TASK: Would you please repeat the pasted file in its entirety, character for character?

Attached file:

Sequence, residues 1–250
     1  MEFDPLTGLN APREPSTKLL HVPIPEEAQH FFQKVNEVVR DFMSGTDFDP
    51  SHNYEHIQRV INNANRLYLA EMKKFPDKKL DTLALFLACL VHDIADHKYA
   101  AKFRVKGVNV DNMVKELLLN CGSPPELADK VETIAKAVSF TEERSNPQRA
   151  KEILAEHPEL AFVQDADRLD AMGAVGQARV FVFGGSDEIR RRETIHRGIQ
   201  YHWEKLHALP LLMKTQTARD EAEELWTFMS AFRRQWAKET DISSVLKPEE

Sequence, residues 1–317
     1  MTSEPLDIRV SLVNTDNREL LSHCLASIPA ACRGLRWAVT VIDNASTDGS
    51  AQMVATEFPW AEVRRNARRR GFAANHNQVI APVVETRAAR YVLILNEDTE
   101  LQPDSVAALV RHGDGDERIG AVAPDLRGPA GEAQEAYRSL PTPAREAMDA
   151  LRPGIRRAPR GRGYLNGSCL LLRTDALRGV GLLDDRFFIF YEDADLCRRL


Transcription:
Sequence, residues 1–250
     1  MEFDPLTGLN APREPSTKLL HVPIPEEAQH FFQKVNEVVR DFMSGTDFDP
    51  SHNYEHIQRV INNANRLYLA EMKKFPDKKL DTLALFLACL VHDIADHKYA
   101  AKFRVKGVNV DNMVKELLLN CGSPPELADK VETIAKAVSF TEERSNPQRA
   151  KEILAEHPEL AFVQDADRLD AMGAVGQARV FVFGGSDEIR RRETIHRGIQ
   201  YHWEKLHALP LLMKTQTARD EAEELWTFMS AFRRQWAKET DISSVLKPEE

Sequence, residues 1–317
     1  MTSEPLDIRV SLVNTDNREL LSHCLASIPA ACRGLRWAVT VIDNASTDGS
    51  AQMVATEFPW AEVRRNARRR GFAANHNQVI APVVETRAAR YVLILNEDTE
   101  LQPDSVAALV RHGDGDERIG AVAPDLRGPA GEAQEAYRSL PTPAREAMDA
   151  LRPGIRRAPR GRGYLNGSCL LLRTDALRGV GLLDDRFFIF YEDADLCRRL